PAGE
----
From: Liu Jin (cpp_at_[hidden])
Date: 2005-05-30 01:49:11
>>>>> "Paul" == Paul A Bristow <pbristow_at_[hidden]> writes:
> | -----Original Message----- | From:
> boost-bounces_at_[hidden] |
> [mailto:boost-bounces_at_[hidden]] On Behalf Of Paul A
> Bristow | Sent: 17 May 2005 15:23 | To: boost_at_[hidden] |
> Subject: RE: [boost] Re: Math constants
> I attach a short file with some samples of math constants
> together with their 'interval' upper and lower values, which
> (mostly) when compiled will be only a single least significant
> bit different (or the same of course).
> The upper and lower values contain a lot of decimal digits
> because they are 'exactly representable' for the floating point
> layout given.
> C++ Exactly representable values do not involve any rounding on
> input (to the appropriate floating point format).
> Of course this file does not compile - many duplicates - but
> when the appropriate pair of upper and lower are chosen, they
> should do.
> For the most common case of an IEEE double,
> // C++ Exactly representable interval values of pi for 2 radix &
> 53 significand bits. static const double pi_l =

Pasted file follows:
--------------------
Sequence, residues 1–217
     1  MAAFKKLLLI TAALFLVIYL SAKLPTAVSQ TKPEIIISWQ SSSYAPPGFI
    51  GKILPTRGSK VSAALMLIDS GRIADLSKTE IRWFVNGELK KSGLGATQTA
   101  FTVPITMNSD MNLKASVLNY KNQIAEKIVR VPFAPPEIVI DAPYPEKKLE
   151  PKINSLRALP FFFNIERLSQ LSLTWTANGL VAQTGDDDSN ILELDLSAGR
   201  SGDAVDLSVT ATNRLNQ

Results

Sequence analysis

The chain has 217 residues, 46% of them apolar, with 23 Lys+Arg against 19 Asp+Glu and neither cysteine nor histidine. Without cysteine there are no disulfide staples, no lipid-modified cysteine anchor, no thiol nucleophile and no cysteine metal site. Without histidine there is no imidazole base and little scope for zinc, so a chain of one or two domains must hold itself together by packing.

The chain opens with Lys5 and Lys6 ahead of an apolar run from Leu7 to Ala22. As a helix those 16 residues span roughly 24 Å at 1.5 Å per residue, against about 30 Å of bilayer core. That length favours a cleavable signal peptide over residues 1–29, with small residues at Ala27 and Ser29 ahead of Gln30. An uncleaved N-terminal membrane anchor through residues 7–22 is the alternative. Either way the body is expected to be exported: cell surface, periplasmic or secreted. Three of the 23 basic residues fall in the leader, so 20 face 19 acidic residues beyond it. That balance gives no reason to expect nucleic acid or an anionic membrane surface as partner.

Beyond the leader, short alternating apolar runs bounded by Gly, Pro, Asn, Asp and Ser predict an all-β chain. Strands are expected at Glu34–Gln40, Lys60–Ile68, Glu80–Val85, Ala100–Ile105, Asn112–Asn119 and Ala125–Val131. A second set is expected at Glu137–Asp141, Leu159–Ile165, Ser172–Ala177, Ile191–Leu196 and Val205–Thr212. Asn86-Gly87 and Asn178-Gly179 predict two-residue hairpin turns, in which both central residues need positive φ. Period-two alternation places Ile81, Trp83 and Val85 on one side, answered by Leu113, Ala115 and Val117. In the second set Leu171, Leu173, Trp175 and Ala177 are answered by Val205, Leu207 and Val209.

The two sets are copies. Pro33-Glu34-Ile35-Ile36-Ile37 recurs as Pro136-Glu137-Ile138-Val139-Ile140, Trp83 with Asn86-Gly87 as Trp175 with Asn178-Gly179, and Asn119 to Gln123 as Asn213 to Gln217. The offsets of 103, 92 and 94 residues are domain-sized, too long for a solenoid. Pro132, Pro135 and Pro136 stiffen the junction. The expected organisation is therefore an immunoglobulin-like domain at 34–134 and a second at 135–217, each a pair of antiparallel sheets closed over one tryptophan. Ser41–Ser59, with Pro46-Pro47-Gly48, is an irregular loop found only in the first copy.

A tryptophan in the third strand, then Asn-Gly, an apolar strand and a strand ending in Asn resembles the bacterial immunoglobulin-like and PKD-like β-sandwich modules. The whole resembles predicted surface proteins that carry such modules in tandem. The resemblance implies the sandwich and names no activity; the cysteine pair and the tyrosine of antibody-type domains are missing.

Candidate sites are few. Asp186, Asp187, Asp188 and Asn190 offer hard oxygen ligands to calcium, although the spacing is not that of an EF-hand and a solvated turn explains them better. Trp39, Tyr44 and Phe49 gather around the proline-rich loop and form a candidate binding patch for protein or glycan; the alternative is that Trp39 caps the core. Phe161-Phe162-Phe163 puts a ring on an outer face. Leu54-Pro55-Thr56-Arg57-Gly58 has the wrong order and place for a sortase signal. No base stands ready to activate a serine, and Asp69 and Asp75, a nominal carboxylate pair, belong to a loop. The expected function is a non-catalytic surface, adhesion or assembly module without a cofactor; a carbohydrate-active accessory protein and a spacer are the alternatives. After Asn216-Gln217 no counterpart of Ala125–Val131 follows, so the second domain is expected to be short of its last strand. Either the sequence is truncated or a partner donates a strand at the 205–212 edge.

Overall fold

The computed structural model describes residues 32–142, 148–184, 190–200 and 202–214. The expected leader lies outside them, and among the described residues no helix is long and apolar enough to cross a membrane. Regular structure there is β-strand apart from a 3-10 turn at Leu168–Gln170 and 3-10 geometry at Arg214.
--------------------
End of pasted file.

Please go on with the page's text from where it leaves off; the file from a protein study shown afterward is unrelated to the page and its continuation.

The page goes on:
> 3.141592653589793115997963468544185161590576171875; // lower
> static const double pi =
> 3.1415926535897932384626433832795028841971694007530293; //
> starting with this value. static const double pi_u =
> 3.141592653589793560087173318606801331043243408203125; // upper
> When used to initialise a double,
> v_d_l = 3.1415926535897931 == 0x400921fb54442d18 // lower v_d =
> 3.1415926535897931 == 0x400921fb54442d18 // 'middle' == lower
> v_d_u = 3.1415926535897936 == 0x400921fb54442d19 // upper
> The number of possibly significant digits is given by
> std::numeric_limits<double::digits() * 3010 /10000 and is 17
> (std::numeric_limits<double::digits10() in contrast is the
> number of __guaranteed__ accurate decimal digits and is 15).
> 1 Are there many (any?) potential users for interval arithmetic
> computing (we have a Boost library).
> 2 Would they find the intervals of the constants updated in the
> Sandbox useful?
> 3 Can any MACRO whizz-kids suggest the _best_ way to provide
> only pairs (or trios) for the appropriate floating point format?
> 4 I can only calculate for radix == 2 (and can't be bothered to
> work out for radix 8, 10, 16, 42...?). If anyone wants these and
> can tell me how, please do so.
> 5 So one is really only chosing float, double, long double, or
> some UDT like NTL arbitrary precision quads on the basis of the
> number of significand bits, usually 24, 53, 64, 105, 106, 113,
> For example, to produce the above definitions for 53 significand
> IEEE 754 X86 double.
> Paul Paul A Bristow Prizet Farmhouse, Kendal, Cumbria UK LA8 8AB
> +44 1539 561830 +44 7714 330204 mailto: pbristow_at_[hidden]
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